NATO Deputy Secretary General Geoană: Okay, thank you so much for the questions.

On the Croatian question: That's a colossal task, de-mining Ukraine and making sure that we can help Ukraine rebuild its economy, and also its institutions. And in the Comprehensive Assistance Package for Ukraine, the CAP, we have a specific chapter dealing with this. But of course, NATO alone will not be able to be doing this. I know that individual Allies, including your country, are helping as we speak Ukraine do this. I know that Italian Allies are offering de-mining in the Black Sea, because they there are not only land mines, it’s also Black Sea mines that [are] also very dangerous. So what I can say [is] that probably this will be one of the most massive efforts in helping Ukraine in the long term from NATO, from individual countries, from the EU, and from others. That's a colossal task, and the experience that you have from previous conflicts would be very valuable, and we are ready to learn and eventually leverage what Allies can offer individually as well.

On Lithuania: I didn’t say that Vilnius, dear Mr Chairman, Vilnius will just be a repetition of the Bucharest Summit declaration. Our leaders will decide what will be one of the steps towards moving Ukraine even closer to us. I'm a political person, and I see a reality in the Alliance: We don't have consensus now to move now towards that direction, but I see consensus in the Alliance forging, forming, for us to be moving in practical terms, through CAP, in political terms, through – if it's possible, why not upgrade the [NATO-Ukraine] Commission into a council, or things like that. It’s on the table. So I know that this will be a very important conversation in Oslo just, I think, next week, our foreign ministers, your foreign ministers, and of course our leaders will be deciding. You know Jens Stoltenberg and myself are pressing for Ukraine getting closer to us. And of course, the lesson of the Budapest Memorandum, not Bucharest, is also of course relevant to our Ukrainian friends and to us, so we have to make sure that we are looking in that part as well.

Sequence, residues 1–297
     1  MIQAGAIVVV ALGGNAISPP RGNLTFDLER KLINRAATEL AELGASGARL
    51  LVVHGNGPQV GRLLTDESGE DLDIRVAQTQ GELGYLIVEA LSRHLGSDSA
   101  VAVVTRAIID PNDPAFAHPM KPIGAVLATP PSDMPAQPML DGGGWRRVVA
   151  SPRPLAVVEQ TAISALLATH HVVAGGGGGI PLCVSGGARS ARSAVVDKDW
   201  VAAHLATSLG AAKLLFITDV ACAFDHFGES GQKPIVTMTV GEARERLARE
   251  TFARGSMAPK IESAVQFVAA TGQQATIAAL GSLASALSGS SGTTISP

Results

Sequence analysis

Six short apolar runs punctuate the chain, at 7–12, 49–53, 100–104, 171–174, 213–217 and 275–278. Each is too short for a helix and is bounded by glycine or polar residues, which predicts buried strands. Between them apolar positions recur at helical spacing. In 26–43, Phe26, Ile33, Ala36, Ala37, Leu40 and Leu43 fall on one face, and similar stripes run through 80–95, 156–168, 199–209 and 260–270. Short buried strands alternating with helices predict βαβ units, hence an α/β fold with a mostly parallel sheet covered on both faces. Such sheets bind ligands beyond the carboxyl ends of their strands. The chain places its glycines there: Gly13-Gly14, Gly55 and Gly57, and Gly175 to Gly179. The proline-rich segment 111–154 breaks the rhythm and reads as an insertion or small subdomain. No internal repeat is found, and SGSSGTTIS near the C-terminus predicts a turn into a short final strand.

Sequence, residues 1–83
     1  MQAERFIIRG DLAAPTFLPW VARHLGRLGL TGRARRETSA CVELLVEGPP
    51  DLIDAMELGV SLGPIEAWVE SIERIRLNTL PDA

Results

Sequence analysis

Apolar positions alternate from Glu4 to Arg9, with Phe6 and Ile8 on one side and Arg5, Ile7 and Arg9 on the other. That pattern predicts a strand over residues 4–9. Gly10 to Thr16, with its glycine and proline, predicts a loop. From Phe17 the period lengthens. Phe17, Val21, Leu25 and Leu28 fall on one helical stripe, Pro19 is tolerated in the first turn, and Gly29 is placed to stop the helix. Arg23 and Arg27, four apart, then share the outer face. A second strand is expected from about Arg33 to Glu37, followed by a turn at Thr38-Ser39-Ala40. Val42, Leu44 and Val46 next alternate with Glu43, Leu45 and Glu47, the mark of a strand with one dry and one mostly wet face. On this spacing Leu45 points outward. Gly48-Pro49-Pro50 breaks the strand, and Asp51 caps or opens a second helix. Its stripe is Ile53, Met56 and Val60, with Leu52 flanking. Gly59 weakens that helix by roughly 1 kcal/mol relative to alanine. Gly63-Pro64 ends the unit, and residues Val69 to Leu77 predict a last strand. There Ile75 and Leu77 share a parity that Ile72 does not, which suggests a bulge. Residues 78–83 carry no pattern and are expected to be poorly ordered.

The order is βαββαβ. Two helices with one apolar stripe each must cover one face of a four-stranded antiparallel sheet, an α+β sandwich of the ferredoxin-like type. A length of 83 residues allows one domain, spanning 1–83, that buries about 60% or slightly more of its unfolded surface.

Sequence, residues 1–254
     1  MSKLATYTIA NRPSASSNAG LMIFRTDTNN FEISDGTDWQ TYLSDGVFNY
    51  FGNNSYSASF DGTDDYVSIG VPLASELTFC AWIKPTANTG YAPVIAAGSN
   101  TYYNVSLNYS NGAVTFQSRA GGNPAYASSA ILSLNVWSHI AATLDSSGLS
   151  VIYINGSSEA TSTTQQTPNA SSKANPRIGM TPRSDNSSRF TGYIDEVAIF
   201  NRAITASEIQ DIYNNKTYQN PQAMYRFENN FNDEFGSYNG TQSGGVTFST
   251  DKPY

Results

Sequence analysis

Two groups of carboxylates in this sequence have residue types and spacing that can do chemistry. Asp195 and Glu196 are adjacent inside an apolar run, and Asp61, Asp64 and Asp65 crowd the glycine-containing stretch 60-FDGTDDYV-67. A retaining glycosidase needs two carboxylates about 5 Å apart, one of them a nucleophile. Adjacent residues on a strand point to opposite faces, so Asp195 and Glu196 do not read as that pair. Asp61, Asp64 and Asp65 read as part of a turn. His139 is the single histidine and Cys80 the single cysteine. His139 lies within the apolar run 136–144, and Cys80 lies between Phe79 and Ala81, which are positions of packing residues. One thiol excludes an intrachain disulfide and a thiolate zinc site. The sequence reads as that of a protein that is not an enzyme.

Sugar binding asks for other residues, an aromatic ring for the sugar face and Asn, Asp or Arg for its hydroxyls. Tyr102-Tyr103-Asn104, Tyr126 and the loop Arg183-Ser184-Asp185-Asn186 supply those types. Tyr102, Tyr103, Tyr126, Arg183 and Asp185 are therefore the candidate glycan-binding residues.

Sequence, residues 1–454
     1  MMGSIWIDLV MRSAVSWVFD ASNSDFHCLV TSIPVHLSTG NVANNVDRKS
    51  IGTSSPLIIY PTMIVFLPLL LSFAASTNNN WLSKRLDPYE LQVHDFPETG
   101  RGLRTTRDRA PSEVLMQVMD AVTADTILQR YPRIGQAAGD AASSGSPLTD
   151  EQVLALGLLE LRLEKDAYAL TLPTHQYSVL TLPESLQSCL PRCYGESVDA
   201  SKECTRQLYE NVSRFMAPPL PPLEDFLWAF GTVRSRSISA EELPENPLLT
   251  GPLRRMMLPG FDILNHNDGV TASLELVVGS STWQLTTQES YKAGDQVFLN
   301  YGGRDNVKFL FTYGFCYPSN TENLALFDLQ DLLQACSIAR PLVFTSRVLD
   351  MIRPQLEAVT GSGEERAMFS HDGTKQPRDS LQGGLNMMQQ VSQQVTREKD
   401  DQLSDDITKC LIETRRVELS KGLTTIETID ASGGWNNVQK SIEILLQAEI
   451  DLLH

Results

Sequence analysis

To our Icelandic Allies: Thank you so much for what you do for our Alliance. It’s very clear that, also after the sabotage acts against Nord Stream 1 and 2 pipelines, there is a need for increased vigilance and resilience from NATO. As we speak, we are establishing a task force in NATO on undersea critical infrastructures. I think we have seen Jens Stoltenberg and Ursula von der Leyen on an oil rig somewhere in the North Sea. And together with the EU. We established a joint task force on resilience, including on issues like this. We are working in this task force not only with governments and our defence, our intelligence, but also with the private sector.

I remember chairing a council in Brussels, and we invited the CEO of the Norwegian oil and gas company, the CEO of the Swedish electricity company, and the chief engineer of Google, the largest owner of fibre optics under the seat belt cable system for data transmission in the world. So I can assure you that we are taking these very things very seriously. Of course, the High North, it’s beyond SACEUR’s [Area of Responsibility], but we are also concerned about increased Russian activity in that part. So we are doing our best. There was a question about I think, also on the Black Sea side, there is also lots of potential undersea infrastructure that can be developed, and I think NATO can and should play a role in that direction.

[Interpreted from Italian]: Thank you very much for the question from our Italian friends and Allies.For us, it's not a matter that we do east or south, or space or cyberspace, or technology or resilience, or climate change and security. It's all of them at the same time. I know it's a colossal task for all of us. But I wanted to reassure and reconfirm our strong interest in investing in our partnerships to the south. The more resilient our partners to the south are, the most secure Europe.

We all agreed on the Strategic Concept last year. You see that we put Russia and terrorism as the number one, on equal footing. Cooperative security is also part of the core tasks. So what I'm saying [is] that we are investing a lot of political energy [into] how we get a little bit more cash, and also to have more synergies with other efforts, individual national efforts, EU, NATO or whoever else, World Bank, just to make sure that we have a comprehensive package to assist our friends and partners to the south. So for us, it’s not an either-or. It's [the] eastern flank, southern flank and the new definition of security in one comprehensive package for all of that.

President of the Parliamentary Assembly Garriaud-Maylam [interpreted from French]: Mr Deputy Secretary General, we’ll take the last two questions. The first one is from Türkiye, Ahmet Conkar, and the second one from Philippe Folliot, France.